Cause-Effect Graphing

Cause-Effect Graphing

Cause-effect graphing is a process of selecting highly efficient test cases in a systematic way. These represent combinations of condition outcomes. It has positive side effect aiding to point out the incompleteness and ambiguity in the original specifications. Ad hoc selection of combinations is the alternative way but doing like this you may overlook many worthy test cases that were identified by cause-effect graphing.

Cause-effect graphing is defined as a formal language into which the translation of a natural language specification is made. A cause-effect graph can be associated with a digital logic circuit (i.e. combinatorial logical network), but instead of using a common electronic notation (form-record), partly a simpler notation is used. There is no necessity of knowing electronics so that to have clue about cause-effect graphing technique, but understating of Boolean logic is required (i.e. understanding of logical operators and, or, and also not).  This technique derives test cases in several stages.


  1. The specification is divided in “working” areas. You need to do this because the cause effect graph becomes too cumbersome when used on big specifications. E.g., when a time-sharing system is being tested, the working area may be a specification for a separate command. When testing the compiler as a working area, one might consider each programming language operator in an individual way.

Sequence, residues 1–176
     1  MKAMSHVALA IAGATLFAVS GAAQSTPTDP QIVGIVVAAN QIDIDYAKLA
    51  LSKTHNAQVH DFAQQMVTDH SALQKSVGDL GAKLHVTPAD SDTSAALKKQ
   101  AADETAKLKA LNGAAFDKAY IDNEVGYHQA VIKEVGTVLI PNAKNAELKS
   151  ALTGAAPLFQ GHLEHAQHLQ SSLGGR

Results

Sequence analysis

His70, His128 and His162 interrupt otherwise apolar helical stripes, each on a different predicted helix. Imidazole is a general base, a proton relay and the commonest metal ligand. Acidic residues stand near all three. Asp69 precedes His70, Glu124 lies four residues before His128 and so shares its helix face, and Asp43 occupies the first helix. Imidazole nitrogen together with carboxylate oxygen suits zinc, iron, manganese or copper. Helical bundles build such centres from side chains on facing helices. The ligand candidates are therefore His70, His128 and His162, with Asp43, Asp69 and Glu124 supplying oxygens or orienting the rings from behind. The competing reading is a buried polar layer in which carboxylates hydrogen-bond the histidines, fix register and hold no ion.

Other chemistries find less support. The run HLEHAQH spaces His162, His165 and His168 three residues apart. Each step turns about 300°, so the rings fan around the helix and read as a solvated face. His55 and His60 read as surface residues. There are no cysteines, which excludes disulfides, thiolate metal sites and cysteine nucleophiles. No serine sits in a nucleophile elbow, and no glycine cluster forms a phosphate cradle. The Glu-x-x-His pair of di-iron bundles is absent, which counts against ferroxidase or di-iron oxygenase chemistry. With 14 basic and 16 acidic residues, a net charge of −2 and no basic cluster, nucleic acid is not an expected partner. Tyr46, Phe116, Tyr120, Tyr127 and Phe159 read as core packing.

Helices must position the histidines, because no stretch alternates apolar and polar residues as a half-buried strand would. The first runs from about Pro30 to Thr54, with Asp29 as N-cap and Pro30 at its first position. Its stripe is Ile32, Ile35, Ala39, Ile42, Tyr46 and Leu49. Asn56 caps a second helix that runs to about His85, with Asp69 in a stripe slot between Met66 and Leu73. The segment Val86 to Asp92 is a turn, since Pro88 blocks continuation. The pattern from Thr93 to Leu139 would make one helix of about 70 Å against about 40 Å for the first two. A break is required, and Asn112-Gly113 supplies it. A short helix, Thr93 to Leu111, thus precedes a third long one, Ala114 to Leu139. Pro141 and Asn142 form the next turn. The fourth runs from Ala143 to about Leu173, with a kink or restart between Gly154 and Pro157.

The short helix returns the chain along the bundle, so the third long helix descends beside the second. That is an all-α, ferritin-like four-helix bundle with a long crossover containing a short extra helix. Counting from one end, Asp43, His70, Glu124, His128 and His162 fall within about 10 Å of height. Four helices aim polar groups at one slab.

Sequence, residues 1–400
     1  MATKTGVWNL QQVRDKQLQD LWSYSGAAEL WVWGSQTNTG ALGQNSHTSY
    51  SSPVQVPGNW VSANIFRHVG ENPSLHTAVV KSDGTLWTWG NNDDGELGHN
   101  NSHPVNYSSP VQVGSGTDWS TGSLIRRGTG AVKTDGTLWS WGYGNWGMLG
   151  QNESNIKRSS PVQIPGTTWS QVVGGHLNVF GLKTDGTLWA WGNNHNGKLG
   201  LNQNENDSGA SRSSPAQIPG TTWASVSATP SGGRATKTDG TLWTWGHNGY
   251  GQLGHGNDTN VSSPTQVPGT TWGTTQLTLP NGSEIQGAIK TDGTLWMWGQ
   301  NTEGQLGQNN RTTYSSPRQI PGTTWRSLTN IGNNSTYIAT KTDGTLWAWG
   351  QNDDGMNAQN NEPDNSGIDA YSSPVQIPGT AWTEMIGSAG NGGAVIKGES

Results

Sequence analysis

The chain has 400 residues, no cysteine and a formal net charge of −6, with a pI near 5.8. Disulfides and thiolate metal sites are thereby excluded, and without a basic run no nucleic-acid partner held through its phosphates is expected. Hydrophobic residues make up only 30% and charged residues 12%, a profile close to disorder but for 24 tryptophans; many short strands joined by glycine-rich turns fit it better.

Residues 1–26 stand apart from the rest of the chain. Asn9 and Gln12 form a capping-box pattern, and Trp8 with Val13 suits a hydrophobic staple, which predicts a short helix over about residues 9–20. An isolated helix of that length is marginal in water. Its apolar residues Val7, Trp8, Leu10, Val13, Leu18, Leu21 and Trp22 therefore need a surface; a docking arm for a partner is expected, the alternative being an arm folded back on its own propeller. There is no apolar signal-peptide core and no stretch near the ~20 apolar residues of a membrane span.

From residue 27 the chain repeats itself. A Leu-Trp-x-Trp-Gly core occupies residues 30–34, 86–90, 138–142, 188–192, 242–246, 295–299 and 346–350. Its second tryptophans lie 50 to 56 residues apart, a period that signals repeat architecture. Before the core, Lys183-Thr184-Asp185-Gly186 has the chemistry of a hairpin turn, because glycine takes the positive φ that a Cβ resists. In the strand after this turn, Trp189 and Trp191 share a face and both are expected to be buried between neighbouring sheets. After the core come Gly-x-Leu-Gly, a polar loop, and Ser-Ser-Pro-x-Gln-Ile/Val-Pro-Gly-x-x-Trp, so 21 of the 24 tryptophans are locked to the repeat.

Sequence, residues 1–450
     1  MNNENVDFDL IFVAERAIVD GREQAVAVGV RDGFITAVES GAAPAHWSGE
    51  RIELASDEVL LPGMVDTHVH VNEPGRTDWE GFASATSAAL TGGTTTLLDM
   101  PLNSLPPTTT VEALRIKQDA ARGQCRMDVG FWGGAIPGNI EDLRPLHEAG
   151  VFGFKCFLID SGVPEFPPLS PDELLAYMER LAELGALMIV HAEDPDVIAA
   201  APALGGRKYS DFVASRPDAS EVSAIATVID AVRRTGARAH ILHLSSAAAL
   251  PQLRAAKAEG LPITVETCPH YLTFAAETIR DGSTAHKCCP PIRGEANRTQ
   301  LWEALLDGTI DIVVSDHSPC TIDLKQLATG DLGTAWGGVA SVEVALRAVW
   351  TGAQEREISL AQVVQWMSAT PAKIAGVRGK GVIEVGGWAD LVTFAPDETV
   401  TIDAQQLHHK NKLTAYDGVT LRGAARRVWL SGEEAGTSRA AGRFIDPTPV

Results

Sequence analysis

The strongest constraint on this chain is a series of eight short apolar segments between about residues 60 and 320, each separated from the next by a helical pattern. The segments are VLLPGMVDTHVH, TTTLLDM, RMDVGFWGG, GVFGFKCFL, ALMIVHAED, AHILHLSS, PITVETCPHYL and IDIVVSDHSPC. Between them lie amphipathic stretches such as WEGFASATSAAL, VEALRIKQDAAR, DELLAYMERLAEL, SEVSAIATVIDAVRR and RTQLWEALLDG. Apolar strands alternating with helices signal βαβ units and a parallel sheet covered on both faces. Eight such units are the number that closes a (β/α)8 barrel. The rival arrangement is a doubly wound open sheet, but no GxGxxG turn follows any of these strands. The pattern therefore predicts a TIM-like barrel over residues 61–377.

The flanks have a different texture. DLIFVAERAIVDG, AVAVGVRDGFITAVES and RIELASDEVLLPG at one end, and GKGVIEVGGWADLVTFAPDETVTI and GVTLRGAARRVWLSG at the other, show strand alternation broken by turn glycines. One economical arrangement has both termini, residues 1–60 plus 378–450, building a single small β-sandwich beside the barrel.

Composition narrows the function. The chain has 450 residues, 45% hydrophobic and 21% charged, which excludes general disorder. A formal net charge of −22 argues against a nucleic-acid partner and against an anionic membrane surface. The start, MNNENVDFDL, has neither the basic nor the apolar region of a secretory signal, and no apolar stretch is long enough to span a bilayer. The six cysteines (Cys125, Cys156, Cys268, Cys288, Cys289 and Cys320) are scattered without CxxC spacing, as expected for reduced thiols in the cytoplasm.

2. The specification defines the causes and effects. A cause is an individual input condition or class of input conditions (equivalence class). An effect, in turn, is the output condition or the modification of the system (the residual effect that the input condition produces on the state of the system or program). For example, if a message to the program causes the main file to be updated, then the change to the main file is the transformation of a system; and then an output condition would be nothing but a confirmation message. Causes and effects are determined by successive (word by word) reading the specification and emphasizing words or phrases which describe cause and effects. A separate number is given to each cause and effect.
  3. The semantics of the specification is evaluated and then transformed in a Boolean graph that associates causes and effects. So, this is the cause-effect graphing.
  4. The graph is supplemented with notes specifying constraints and combinations of causes and (or) consequences that are not possible due to syntactic or external constraints.

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